No wonder Peter wants to enshrine it. He wants to hold the memory in a real and tangible way. He has caught a glimpse of glory. He doesn't want to lose it. But there is more. So much more! Once again God speaks those same words for the three that Jesus and John heard at his baptism in the Jordan River. "This is my Son, the Beloved! With him I am well pleased; listen to him!" If they have any doubts about who this is, they are dispelled. God is revealed to them.

We tend to think of "mountaintop experiences" as being ecstatic experiences, emotional highs. True revelations are very difficult to express to other people. I suspect that is because it is a uniquely personal experience. It is meaningful to the person within his or her own context. And so we search for the right words to describe our experience of God. It is that inexpressible quality that leads us to call those deep revelations "mountaintop experiences".

Those of us who live a normal Christian life spend most of our time with both feet firmly on the ground. We try to live the Christian life. We participate in worship. We give our time and talents to the work of the Church. We spend time in prayer and study. We try to live a good and moral life.

Life is not an easy journey. We all experience wilderness times in our lives, times of frustration, pain, suffering, difficulty. Sometimes it seems as if there will be no end to the wilderness time. When one thing after another happens to us, we ask the age-old questions. Why is this happening to me? Why must I suffer? Our faith comes into question. It is at those times that we call on our mountaintop experiences, those times when God was revealed to us in some inexplicable way that gave us a glimpse of glory.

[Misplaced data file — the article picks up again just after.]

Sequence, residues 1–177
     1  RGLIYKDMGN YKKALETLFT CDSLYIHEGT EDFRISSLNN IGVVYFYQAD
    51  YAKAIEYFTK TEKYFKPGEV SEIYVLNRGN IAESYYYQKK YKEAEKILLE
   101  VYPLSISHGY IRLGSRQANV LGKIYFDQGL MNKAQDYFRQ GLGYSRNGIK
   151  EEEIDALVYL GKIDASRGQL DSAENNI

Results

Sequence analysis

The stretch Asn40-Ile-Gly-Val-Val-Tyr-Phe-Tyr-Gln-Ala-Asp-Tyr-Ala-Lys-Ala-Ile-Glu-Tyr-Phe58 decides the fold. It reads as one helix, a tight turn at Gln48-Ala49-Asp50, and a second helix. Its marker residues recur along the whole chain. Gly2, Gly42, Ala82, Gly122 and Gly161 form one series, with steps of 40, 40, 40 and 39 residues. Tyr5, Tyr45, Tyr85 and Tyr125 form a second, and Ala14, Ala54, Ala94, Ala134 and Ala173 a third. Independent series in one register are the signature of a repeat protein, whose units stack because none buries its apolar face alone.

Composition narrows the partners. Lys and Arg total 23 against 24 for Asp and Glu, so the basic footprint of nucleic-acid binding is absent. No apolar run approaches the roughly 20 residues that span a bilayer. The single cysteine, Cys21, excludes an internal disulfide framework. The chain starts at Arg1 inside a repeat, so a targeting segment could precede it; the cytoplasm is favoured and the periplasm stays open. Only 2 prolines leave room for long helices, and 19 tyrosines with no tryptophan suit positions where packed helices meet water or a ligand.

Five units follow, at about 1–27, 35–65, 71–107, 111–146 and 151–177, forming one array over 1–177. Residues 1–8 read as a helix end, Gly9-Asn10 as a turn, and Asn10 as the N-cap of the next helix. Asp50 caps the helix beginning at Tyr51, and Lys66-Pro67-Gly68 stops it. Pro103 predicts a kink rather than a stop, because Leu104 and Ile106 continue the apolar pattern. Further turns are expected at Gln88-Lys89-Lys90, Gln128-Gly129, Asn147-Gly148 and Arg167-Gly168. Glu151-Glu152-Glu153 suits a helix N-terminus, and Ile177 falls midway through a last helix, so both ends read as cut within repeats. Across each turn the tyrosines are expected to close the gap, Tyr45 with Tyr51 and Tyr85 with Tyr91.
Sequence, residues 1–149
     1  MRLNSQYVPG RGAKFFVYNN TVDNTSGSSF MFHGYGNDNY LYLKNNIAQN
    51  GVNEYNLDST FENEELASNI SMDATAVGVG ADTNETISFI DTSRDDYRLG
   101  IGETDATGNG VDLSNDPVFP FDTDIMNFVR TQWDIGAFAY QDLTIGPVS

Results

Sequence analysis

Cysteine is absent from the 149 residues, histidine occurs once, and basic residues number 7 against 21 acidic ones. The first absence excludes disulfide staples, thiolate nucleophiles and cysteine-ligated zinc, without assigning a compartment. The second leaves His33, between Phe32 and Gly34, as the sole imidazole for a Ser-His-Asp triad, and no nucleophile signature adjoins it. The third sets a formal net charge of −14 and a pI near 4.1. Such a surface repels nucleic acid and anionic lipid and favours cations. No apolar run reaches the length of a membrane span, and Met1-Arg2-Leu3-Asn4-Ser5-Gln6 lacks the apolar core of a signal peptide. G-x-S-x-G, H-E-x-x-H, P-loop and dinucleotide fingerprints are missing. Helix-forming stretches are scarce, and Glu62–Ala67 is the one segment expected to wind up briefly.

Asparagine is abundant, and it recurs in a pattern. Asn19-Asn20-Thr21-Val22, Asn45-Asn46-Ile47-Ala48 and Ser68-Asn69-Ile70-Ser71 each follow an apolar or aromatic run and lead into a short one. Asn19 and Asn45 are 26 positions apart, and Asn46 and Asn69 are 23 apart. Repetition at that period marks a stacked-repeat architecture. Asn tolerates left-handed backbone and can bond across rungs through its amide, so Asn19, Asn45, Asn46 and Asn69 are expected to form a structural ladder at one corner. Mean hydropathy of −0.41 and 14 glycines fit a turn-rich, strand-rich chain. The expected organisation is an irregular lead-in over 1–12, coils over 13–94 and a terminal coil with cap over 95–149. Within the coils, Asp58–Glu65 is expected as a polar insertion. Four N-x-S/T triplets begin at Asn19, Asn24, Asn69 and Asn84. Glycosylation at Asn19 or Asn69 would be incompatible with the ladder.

It is those deep experiences of God that make it possible for people facing deep tragedy not only to sustain their faith, but to continue to affirm that God is a God of love, that God is there for them. When I look back over my life I become aware of many such moments. They are often just fleeting glimpses of the grandeur of God. The easy ones to express are times when I have experienced God through a great piece of music, a walk in the woods, a stimulating conversation with a friend, a synergistic moment when the right story or the right word came at exactly the right time. I have to say that some of them I would have great difficulty even beginning to explain to you. There have been moments of great clarity when I knew that God was with me. There have been times of prayer when I felt a deep connection to God. There have been times of danger when life was spinning out of control, and yet I knew that God was there.

They are not experiences that we can go looking for. They are ways in which God chooses to be revealed to us. It is about letting God lead us. It is about opening ourselves to God. It is about letting God come into relationship with us.

During this season we have reflected how God has been and is being revealed to us. We began and ended with the same words, “This is my Son the Beloved.” Hopefully those words are a wonderful reminder that God wants to come into relationship with us. God is powerful and mysterious beyond our understanding. It is through our relationship with Jesus that we glimpse the mystery a little more clearly and closely.

On Ash Wednesday we begin a wilderness time in the Church's year. We begin a forty-day journey that ends at the foot of the cross. We take with us a glimpse of the mystery of God. We take with us the knowledge that God wants to be in relationship with us, and that we too are beloved children of God. Amen. Alleluia!